The Internal Audit function covers all the activities carried out in the group and has unlimited access to the information it needs for the performance its tasks and to all the bank’s facilities. In carrying out its work it may communicate with and gather information from any senior manager or employee of the bank. The Corporate Internal Audit Directorate is also an active member of various committees that control the Group’s activity, including the Regulatory Compliance Committee, the Ethics and Conduct Committee, the Operational Risk Committee and the Regulatory Monitoring Committee. In addition, it attends meetings of the Anti-Money Laundering Committee and the Provisioning Committee, with the right to speak but not to vote.

Internal Audit is responsible for seven processes, which describe the activity it carries out:

  • Preparation of the Audit Plan.
  • Execution of business centre audits.
  • Execution of process, centre and system audits.
  • Follow-up of recommendations.
  • Audit system development.
  • Internal audit communication and reporting.
  • Collaboration with and coordination of external audit.

Tax policy

Promoting responsible tax, working to prevent and combat fraud and implementing transparency programmes are principles that help to ensure effective, sustainable development and have become essential for building trust among stakeholders.

To preserve these principles, Bankia takes specific measures to manage and control tax risks, has internal control systems in place and has established policies to guide conduct in various areas, including corporate tax policy and tax risk management, transparency, corporate responsibility and corporate governance.

The Board of Directors sets tax strategy, approves the risk policy, including the policy on tax risks, supervises internal reporting and control systems, approves investments that entail special tax risk and authorises the creation of, or acquisition of interests in, entities domiciled in tax havens. The Audit and Compliance Committee, for its part, supervises the tax risk management system and reports to the Board on the creation of, or acquisition of interests in, entities domiciled in countries or territories that are considered tax havens.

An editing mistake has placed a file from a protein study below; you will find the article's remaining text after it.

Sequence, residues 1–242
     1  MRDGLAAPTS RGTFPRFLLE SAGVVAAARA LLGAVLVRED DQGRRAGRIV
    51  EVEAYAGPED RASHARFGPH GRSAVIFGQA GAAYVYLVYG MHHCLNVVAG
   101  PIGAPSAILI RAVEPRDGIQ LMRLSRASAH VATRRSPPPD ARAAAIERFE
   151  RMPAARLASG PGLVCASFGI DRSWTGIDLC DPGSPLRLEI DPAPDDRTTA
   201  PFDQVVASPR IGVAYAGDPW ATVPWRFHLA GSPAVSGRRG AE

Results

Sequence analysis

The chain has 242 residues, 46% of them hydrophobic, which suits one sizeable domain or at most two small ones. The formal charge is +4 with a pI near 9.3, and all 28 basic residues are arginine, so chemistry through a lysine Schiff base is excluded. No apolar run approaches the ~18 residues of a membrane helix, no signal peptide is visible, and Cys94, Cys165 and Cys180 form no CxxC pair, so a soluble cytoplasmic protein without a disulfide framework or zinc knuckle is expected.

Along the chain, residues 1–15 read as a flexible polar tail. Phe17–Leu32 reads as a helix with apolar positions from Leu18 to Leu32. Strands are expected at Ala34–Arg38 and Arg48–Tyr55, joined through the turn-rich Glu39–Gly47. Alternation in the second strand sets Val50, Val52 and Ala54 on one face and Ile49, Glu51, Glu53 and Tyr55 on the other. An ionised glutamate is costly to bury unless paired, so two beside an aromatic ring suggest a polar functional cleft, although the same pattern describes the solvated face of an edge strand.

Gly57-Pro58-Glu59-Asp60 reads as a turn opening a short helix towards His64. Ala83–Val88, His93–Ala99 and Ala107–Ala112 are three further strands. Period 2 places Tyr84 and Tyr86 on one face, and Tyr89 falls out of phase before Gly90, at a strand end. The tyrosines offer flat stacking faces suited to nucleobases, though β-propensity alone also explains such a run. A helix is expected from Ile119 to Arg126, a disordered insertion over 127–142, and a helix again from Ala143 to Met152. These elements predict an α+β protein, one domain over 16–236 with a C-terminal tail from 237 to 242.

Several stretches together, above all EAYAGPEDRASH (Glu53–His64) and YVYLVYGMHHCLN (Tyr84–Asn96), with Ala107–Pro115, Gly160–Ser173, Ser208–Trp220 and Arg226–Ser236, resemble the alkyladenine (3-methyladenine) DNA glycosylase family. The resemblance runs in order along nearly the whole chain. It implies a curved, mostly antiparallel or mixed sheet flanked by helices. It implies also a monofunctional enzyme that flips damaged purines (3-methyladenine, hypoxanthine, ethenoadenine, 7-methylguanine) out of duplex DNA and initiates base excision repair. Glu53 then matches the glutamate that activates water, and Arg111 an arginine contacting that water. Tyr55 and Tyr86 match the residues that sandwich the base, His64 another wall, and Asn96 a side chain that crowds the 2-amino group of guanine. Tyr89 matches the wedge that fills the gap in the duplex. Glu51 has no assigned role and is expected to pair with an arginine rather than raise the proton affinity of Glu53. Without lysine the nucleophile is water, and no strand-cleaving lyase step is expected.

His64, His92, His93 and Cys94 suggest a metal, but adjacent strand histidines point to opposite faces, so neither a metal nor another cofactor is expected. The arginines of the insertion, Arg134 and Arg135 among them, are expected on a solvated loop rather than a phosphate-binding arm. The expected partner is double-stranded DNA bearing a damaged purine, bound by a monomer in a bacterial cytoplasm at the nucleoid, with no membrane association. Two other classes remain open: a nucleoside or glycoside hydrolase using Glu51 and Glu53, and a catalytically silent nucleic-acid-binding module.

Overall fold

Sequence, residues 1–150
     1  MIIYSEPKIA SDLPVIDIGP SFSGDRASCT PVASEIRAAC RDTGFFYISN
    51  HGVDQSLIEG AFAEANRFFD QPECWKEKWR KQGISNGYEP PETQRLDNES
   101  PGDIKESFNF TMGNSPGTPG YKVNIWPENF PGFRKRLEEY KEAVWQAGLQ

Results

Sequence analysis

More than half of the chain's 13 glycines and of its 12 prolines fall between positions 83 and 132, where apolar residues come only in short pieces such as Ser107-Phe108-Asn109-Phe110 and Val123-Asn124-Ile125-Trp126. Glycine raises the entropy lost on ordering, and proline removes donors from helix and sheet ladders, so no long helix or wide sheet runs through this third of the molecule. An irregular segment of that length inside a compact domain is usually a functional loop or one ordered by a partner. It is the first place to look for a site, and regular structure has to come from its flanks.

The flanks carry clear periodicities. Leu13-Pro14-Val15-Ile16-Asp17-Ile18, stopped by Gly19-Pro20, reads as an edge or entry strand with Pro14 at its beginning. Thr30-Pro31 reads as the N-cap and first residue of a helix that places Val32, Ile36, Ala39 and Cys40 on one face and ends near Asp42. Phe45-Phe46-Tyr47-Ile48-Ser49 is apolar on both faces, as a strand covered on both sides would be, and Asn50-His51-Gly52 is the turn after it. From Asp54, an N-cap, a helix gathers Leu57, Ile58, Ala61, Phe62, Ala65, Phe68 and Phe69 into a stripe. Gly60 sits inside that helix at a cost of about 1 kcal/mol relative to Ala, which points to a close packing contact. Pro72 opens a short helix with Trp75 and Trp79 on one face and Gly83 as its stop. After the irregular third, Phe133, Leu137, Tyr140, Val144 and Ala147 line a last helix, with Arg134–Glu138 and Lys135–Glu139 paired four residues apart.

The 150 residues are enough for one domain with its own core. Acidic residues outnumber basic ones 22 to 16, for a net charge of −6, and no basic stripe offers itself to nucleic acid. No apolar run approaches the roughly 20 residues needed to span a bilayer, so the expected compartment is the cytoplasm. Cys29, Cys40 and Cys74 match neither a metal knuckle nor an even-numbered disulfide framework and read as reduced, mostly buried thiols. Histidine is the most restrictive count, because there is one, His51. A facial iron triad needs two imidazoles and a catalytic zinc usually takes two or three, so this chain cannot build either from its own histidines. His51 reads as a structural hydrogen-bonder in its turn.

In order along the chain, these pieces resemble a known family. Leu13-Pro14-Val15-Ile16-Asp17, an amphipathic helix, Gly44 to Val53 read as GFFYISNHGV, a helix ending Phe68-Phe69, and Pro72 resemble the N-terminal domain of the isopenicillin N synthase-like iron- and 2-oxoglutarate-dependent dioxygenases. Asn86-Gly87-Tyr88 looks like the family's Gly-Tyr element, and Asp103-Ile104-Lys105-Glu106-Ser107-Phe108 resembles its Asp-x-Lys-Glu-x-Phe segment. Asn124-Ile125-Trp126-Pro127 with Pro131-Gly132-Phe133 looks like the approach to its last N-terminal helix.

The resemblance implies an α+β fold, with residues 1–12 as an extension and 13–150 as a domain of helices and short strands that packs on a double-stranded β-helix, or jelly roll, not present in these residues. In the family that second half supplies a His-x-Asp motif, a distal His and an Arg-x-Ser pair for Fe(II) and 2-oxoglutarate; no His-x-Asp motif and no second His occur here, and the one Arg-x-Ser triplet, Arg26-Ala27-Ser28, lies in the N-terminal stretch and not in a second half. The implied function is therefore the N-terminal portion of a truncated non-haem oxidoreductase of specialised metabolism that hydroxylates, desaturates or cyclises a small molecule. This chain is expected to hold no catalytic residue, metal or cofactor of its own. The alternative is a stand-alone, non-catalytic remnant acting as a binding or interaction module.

The tax principles governing Bankia’s activity are as follows:

  • Transparency.
    Bankia adheres to a transparent policy on tax management and the payment of its taxes, thus complying with regulatory requirements regarding access to the activity of credit institutions and prudential supervision.
  • Compliance with obligations.
    Bankia applies at all times the tax regulations applicable in Spain, which is the tax jurisdiction in which all its activity takes place, as well as the pertinent international guidelines and standards, such as the guidelines and action plans of the Organisation for Economic Co-operation and Development (OECD). Bankia files all the tax returns required by tax regulations, settles its tax liabilities and pays its tax debts in Spain in a timely manner.
  • Risk exposure.
    When analysing transactions involving special tax risk, Bankia takes into account their short and long-term impact on the bank’s reputation, its shareholders and customers, its relationship with governments and tax authorities and other areas of the organisation.

Actions in the following areas require Board approval:

  • Transactions between related parties.
    All related-party transactions are carried out at arm’s length.
  • Tax havens.
    Bankia does not operate in tax havens for tax avoidance purposes.
  • Structures.
    Bankia does not use artificial tax avoidance structures or structures that do not comply with the spirit of Spanish or international regulations.
  • Divestitures of companies.
    Bankia analyses the tax implications of the divestitures in which it is engaged very carefully in order to clarify any kind of tax risk.
  • Use of tax incentives.
    Tax incentives are used in accordance with regulations.
  • Relationship with authorities and governments.
    The bank uses transparent and ethical channels of communication with the tax authorities and other institutions and public bodies. Relations are governed at all times by the principles of transparency, mutual trust, good faith and loyalty between the parties.
  • External tax advisers.
    Bankia only ever hires the services of reputable independent experts, never of individuals or firms whose integrity is in doubt.
  • Products marketed.
    All Bankia’s products comply with applicable tax regulations. The tax information provided to customers is transparent.

As an expression of Bankia’s firm intention to collaborate with public agencies, the bank is an active participant in the Large Businesses Forum, aimed at promoting a more cooperative relationship between Spanish companies and the tax authorities. The Forum advocates a tax policy based on the principles of transparency and mutual trust, through the pooling of knowledge and the sharing of any general problems that may arise in putting the tax system into effect.